A playbook from the 1980s for dealing with inflation

Across the rich world consumer prices are rising by 10% year on year, the highest rate since 1983. That year holds a special place in the history books. It was the final year, after many, in which annual inflation was in double figures. Thereafter it moved downwards, paving the way for the low inflation of the 1990s.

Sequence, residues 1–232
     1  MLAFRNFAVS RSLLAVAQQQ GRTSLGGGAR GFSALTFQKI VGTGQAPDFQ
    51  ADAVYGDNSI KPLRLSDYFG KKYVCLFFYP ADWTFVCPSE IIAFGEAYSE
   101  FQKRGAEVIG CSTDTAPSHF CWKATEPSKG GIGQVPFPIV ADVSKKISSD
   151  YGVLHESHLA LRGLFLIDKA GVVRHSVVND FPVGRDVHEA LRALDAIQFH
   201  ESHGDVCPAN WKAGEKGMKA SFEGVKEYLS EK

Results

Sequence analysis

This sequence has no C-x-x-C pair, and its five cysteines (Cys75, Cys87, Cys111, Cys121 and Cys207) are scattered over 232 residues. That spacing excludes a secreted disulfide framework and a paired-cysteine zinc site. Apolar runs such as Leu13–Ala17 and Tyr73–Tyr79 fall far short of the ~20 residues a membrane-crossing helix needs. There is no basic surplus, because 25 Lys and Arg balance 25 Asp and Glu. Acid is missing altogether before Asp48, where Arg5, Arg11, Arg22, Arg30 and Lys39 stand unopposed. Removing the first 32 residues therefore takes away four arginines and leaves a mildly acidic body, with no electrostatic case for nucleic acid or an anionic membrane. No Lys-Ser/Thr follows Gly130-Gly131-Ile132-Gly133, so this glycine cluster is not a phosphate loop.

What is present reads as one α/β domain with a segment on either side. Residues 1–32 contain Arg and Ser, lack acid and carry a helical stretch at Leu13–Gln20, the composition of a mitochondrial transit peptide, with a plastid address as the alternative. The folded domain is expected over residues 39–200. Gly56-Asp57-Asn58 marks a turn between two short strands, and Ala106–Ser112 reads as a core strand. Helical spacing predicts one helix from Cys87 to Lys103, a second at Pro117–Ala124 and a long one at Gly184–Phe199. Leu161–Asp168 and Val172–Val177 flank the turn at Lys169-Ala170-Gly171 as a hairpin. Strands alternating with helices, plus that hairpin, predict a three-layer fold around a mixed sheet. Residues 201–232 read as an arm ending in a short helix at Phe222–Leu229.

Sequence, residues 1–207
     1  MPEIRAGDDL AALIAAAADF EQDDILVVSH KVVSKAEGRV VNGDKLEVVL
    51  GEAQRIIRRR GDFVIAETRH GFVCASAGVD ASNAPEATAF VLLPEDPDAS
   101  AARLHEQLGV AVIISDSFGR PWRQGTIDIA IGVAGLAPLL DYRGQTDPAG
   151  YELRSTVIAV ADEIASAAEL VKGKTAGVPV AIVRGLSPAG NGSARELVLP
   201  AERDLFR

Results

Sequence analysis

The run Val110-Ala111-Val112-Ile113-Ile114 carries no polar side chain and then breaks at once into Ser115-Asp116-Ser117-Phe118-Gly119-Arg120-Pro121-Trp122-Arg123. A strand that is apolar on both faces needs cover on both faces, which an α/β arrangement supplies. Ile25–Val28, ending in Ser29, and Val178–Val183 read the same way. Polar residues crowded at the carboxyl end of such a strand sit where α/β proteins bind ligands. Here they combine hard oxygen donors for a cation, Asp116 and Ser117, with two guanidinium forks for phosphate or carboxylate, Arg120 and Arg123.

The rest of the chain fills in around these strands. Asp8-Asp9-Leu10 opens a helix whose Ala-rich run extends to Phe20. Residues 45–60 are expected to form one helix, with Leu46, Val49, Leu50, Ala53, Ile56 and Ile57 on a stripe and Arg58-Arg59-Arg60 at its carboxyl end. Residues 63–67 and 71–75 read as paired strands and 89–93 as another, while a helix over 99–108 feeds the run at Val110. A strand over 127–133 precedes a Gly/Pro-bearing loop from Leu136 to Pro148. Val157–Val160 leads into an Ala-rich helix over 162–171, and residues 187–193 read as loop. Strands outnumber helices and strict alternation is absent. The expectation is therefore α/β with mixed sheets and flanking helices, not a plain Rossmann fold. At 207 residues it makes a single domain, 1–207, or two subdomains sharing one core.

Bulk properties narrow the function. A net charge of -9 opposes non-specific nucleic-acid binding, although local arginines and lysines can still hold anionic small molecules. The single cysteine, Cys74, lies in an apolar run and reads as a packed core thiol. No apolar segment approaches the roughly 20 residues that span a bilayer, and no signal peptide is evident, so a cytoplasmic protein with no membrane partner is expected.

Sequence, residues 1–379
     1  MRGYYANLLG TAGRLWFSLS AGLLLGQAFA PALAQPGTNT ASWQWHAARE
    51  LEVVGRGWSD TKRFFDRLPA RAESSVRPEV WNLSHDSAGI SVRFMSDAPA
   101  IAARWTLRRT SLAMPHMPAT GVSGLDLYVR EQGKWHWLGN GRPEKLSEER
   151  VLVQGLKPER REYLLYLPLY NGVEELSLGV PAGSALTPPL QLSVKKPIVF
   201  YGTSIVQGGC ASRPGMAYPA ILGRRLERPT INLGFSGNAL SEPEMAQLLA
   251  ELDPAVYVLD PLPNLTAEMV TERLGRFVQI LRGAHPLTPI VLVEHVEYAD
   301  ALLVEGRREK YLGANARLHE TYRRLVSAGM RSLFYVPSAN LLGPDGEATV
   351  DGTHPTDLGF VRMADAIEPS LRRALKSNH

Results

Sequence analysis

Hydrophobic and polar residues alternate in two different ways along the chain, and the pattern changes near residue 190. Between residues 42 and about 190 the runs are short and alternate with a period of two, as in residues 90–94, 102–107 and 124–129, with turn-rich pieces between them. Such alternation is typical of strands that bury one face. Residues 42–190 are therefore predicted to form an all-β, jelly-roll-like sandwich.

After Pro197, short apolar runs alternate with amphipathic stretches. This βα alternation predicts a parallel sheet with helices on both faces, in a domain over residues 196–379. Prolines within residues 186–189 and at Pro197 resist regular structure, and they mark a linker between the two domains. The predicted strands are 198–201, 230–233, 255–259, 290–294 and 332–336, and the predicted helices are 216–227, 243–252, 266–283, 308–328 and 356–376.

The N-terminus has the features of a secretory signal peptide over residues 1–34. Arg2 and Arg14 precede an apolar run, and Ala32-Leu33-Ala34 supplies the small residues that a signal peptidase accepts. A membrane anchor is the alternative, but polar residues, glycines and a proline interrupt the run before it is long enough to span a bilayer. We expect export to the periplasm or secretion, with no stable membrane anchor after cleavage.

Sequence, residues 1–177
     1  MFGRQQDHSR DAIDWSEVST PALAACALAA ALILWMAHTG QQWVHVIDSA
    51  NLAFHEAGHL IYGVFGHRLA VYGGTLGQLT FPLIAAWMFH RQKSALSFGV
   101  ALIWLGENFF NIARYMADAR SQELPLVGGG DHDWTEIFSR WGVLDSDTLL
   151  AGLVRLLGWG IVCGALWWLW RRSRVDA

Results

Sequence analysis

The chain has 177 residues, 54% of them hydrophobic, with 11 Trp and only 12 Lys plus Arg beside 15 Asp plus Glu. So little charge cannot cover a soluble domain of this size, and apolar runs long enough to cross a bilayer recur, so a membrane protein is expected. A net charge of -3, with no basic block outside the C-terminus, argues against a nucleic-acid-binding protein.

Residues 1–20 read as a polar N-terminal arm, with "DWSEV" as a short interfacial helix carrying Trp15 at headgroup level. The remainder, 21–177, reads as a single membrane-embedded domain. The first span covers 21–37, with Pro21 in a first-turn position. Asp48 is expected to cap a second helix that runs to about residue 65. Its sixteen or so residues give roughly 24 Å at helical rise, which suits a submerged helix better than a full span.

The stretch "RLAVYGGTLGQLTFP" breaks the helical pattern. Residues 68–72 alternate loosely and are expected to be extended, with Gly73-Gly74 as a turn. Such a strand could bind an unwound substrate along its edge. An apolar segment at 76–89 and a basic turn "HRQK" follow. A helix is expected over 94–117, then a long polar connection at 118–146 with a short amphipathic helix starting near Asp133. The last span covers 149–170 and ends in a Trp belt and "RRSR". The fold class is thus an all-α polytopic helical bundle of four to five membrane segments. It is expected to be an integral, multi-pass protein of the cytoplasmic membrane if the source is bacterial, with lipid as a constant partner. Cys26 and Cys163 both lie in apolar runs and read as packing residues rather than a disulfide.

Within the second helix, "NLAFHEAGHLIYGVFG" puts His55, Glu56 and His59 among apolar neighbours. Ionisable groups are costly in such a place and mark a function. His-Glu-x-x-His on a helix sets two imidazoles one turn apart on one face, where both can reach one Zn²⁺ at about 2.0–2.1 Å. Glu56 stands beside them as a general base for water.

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Today’s central bankers hope to repeat the trick and thus enter monetary policy’s hall of fame alongside the giants of the 1980s. Paul Volcker, who led the Federal Reserve from 1979-87, is the biggest giant of all. But Gerald Bouey in Canada, Carlo Azeglio Ciampi in Italy and Karl Otto Pöhl in Germany—who memorably compared inflation to toothpaste (“once it’s out, you can hardly get it back in again”)—also presided over disinflation in that decade.

Central bankers hope their job…

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This article was written by and originally published on www.economist.com